Improper Accounting for Leases Triggers New Restatements
Accounting for leases came under scrutiny as part of the tough reforms of the 2002 Sarbanes-Oxley Act. It became apparent that the problems were widespread.
Through April 1, 221 companies have either restated their past financial reports, adjusted their accounting or warned that they are assessing their accounting, all because of the lease issue, according to Jack Ciesielski, publisher of the Analyst's Accounting Observer newsletter, TheStreet.com reported.
Because the accounting issues are hitting so many companies - especially retailers and eateries with multiple leases - the accounting errors are not expected to have a big impact on companies' operations, said Jamie Cuellar, a retail and restaurant analyst with Brazos Capital Management L.P. in Dallas. However, Cuellar told the Dallas Business Journal that earnings per share may go down slightly.
The newspaper gave an example of how companies have historically accounted for leases: If a retailer put $1 million in improvements into a leased space, it would spread that cost over the longest possible time frame - such as an initial 10-year lease, plus two five-year option periods. At the same time, the company would show only its lease obligations for the initial 10-year lease on the same balance sheet.
Donald Nicolaisen, the Securities and Exchange Commission's chief accountant, in a letter to the AICPA, wrote that under GAAP, the term of the lease and the period over which companies depreciate improvements should be the same.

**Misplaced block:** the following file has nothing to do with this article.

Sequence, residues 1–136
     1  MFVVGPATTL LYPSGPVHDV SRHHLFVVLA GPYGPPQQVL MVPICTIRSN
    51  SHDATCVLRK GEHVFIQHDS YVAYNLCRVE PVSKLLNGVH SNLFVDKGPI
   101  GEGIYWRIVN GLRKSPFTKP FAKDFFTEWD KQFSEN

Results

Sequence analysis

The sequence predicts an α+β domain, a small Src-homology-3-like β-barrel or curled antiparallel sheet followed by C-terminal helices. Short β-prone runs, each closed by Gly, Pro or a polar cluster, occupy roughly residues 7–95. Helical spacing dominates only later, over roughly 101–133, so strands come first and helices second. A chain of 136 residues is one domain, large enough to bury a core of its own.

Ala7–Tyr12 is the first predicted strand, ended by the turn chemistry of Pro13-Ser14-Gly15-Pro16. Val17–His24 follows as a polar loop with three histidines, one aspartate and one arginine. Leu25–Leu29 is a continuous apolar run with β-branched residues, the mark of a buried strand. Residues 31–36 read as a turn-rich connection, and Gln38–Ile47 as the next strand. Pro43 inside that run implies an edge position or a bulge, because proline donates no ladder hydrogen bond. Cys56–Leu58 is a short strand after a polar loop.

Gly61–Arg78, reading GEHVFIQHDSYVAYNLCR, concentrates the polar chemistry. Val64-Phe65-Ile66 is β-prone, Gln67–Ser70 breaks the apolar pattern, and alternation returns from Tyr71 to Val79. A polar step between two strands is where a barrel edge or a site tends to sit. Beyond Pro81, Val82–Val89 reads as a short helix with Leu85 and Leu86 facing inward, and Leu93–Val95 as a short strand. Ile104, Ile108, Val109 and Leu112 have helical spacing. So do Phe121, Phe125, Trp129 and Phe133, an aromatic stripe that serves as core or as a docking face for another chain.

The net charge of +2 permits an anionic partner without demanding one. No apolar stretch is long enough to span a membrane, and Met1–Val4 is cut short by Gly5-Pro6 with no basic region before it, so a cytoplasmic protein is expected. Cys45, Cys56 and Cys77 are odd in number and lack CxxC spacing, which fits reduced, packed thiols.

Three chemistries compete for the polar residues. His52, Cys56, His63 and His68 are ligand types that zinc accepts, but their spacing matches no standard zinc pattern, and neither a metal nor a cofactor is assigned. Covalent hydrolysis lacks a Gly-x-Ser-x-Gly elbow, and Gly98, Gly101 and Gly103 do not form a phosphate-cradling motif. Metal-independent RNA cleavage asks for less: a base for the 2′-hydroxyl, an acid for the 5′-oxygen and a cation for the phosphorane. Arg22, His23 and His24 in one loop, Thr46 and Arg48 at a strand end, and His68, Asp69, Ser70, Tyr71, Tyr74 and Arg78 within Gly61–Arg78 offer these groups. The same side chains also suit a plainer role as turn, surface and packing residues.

In addition, companies should show lease expenses even if they are given a "rent holiday” by landlords, or a period of time before they have to start paying rent. Companies should use an average payment of the duration of the lease, according to Nicolaisen. But many companies typically recorded rent expenses only after they started paying rent.
David Hirschmann, a senior vice president at the U.S. Chamber of Commerce, told TheStreet.com that Nicolaisen's statement amounted to a new interpretation of the underlying accounting standards.
"The reality is that virtually every company was accounting for leases in the same way,” he said.
But Ciesielski said, “If 1,000 people do a foolish thing, it's still a foolish thing, regardless of whether everyone is doing it or not.”
Charles Mulford, professor of accounting at Georgia Tech's college of management, said the restatements raise the question of whether companies were similarly lax in other areas of their reports.
"They showed us that they had an accounting system in place that allowed a lot of sloppiness to go on. Where else might it lie," he said.